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Alan Danielson suggests guidelines for avoiding impropriety in your group meetings.

Craig Groeschel at LifeChurch.tv delivered a powerful message about adultery during a series called “5 Easy Steps to Wreck Your Life.”  Here’s the link for those of you who would like to see it. Anyway, it made me think about the sad stories I’ve encountered about small-group members having affairs with each other.

It doesn’t surprise me that people within small groups might find one another attractive. Openness, honesty, empathy and sensitivity are characteristics displayed in small-group settings, and these are attractive traits. It would be easy for someone to admire another person in their group exhibiting these traits and think, “I wish my spouse were more like so-and-so.”

Don’t get me wrong, it’s good to admire qualities in other people, but it can quickly become dangerous if you and the members of your small group do not have proper boundaries.

We must be cautious of legalism for sure, but boundaries are necessary for protection. At the outset, though, we should always keep in mind Scripture never tells us to fight sexual temptation but to flee it.

Run away from sexual sin! 1 Cor. 6:18 (NLT)

So if you find yourself physically or emotionally attracted to another person in your small group, do what 1 Corinthians 6:18 says: Run away! Find another group! It’s easier to find another small group than to find another spouse!

That being said, it is appropriate for groups to establish boundaries without becoming legalistic. Here are some boundaries I suggest every small group consider having in place:

To avoid emotional attraction:

  • No one in the group is ever alone with anyone of the opposite sex who is not their spouse.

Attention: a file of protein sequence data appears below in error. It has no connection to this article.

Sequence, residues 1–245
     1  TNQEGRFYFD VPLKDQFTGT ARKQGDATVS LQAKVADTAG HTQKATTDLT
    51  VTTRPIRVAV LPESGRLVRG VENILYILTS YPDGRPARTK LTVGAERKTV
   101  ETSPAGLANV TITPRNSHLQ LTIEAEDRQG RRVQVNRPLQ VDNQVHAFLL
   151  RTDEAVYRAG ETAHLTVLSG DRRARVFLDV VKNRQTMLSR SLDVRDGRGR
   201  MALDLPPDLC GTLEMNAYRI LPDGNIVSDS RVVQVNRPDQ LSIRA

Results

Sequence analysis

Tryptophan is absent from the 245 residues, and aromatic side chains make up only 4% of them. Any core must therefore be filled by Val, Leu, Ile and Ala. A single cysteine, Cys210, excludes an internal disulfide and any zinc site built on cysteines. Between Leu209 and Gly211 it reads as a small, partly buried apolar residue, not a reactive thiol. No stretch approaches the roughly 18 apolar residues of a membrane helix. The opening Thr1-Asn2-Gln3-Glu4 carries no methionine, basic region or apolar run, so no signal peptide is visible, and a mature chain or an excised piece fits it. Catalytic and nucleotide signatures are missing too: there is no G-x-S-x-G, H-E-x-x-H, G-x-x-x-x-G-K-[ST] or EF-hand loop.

• No one privately confides in anyone of the opposite sex in the group who is not their spouse.
  • No one prays alone with anyone of the opposite sex in the group who is not their spouse.

To avoid physical attraction:

  • No one in the group dresses suggestively.
  • When hugging someone of the opposite sex in the group, members agree to give “shoulder hugs” only.
  • No one in the group talks openly about sexual preferences.

To avoid marital discord:

  • No one openly criticizes their spouse to others in the group.
  • No one brags openly about the characteristics of someone else’s spouse in the group.

Do you need to implement some of these boundaries? Do you need to run away? Do you have any additional boundaries to suggest? 

Alan Danielson Alan Danielson is the Senior Pastor of New Life Bible Church in Norman, Oklahoma. Previously he served as Central Team Leader for LifeGroups at LifeChurch.tv in Edmond, OK, where he led over a thousand small groups on LifeChurch’s thirteen campuses in six different states. He then founded 3Threat.net to help leaders master three essential leadership skills: vision-casting, creating strategy and fostering relationships. Alan is a popular conference speaker and consults regularly with ministries and leaders on topics relating to small groups and leadership. Learn more from Alan at 3Threat.net.

More from Alan Danielson or visit Alan at http://www.3Threat.net

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  • Lin Wadle

    I think all of the above are good advice and things we practice in leading our Divorce Care group. One great concern I have is how to speak to someone who, two months ago was in tears, hoping and paying for a miracle to reunite her with her ex-husband, and is now dating another man when she has had no time to heal and become a whole single person. I am also concerned about how confusing this might be with her young daughter.

  • Deacon Ron Aziere

    Bein the spirital advisor to our parish DS I find this information, helpful and healthy. In fact I would suggest that all facilitators be provided with the "To avoid" proposals in this article. Knowing in advance the pitfalls can surely prevent many from stumbling into the disasters which could occur when not properly given the warning signs that go with the journey of recovery. Thank you very much

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